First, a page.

Tell Me What You Know About Dreamin’: The Terrors and Triumphs of Party Culture in Kid Cudi’s “Pursuit of Happiness (Nightmare)” by Rachel Riddell
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Tell Me What You Know About Dreamin’: The Terrors and Triumphs of Party Culture in Kid Cudi’s “Pursuit of Happiness (Nightmare)” by Rachel Riddell

Tell Me What You Know About Dreamin’: The Terrors and Triumphs of Party Culture in Kid Cudi’s “Pursuit of Happiness (Nightmare)” by Rachel Riddell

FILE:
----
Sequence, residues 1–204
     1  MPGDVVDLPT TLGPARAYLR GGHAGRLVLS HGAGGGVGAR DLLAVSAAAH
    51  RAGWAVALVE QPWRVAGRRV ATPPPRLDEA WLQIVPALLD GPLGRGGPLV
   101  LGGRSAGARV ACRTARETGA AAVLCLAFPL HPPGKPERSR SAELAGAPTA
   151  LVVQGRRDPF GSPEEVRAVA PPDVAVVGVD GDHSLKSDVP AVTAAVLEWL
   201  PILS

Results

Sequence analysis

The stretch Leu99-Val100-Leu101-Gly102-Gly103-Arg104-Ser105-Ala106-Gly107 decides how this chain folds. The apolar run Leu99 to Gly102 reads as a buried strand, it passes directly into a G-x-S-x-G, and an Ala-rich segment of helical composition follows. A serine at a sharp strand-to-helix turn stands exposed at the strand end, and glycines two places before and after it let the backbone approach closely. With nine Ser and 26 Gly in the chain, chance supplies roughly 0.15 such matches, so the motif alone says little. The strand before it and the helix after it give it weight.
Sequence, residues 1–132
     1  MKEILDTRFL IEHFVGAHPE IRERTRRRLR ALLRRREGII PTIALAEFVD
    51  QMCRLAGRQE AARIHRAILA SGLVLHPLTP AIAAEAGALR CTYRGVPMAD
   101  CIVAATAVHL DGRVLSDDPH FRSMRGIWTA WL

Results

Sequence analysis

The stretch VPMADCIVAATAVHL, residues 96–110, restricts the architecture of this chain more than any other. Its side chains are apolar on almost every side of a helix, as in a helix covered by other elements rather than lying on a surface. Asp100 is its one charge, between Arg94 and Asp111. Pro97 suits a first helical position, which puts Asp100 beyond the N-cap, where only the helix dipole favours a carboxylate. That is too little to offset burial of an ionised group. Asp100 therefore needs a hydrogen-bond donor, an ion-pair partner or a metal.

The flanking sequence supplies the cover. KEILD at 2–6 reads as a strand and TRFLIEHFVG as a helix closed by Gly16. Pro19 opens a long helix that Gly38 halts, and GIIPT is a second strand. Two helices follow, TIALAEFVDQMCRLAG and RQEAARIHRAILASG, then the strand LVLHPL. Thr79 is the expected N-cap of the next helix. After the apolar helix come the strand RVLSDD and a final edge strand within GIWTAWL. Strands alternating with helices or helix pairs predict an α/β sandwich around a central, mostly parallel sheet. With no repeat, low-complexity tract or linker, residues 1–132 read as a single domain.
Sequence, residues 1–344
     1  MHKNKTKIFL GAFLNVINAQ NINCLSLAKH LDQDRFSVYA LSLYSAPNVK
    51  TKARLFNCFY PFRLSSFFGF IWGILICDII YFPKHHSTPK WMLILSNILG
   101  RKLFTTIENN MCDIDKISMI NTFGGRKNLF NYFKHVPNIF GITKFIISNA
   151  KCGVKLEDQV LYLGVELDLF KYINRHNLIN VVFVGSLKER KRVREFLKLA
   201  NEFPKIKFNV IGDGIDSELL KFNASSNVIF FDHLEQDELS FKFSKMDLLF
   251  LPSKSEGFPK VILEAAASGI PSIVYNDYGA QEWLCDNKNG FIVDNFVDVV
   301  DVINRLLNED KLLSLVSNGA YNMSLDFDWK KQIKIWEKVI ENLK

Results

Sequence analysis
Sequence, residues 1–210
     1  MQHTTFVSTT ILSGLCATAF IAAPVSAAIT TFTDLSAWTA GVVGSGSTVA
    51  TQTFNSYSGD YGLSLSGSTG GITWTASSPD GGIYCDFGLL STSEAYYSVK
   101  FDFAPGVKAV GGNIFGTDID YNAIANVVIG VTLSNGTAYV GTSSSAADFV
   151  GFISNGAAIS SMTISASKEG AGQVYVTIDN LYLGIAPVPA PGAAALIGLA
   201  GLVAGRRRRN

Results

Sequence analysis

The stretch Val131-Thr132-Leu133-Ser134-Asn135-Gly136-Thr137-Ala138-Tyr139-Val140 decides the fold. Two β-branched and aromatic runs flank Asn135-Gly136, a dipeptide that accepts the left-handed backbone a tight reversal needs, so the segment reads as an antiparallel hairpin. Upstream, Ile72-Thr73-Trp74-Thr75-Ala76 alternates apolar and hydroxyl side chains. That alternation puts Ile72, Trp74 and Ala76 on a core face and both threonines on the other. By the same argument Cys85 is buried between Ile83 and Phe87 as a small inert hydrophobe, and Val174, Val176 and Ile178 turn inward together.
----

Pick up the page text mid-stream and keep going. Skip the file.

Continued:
While popular music is dominated by artists embracing party culture and —in the view of neoliberal morality— its subsequent vice of drug use, Kid Cudi’s 2009 hit “Pursuit of Happiness (Nightmare)” examines the subject as a complicated matter. In collaboration with Ratatat and MGMT, the song’s airy piano, hi-hats, and synth beats produce a catchy and diverse sound that, over ten years since its release, remains popular at clubs and parties today. However, analyzing the song’s lyricism and technological production in tandem suggests it does not solely celebrate party culture, but also explores the vast racial, social, and psychological means that drive an individual to these scenes. “Pursuit of Happiness (Nightmare)” challenges colonial values as the song’s meaning, predicated on the tension between its linguistic and instrumental elements, dismantles the white cultural emphasis on lyrics as music’s main source of symbolism. Cudi disrupts this European priority as his lyricism and composition reflect different values, share a nuanced perspective on partying, and align with the tradition of Black popular culture that shifts from the binary oppositions of European art.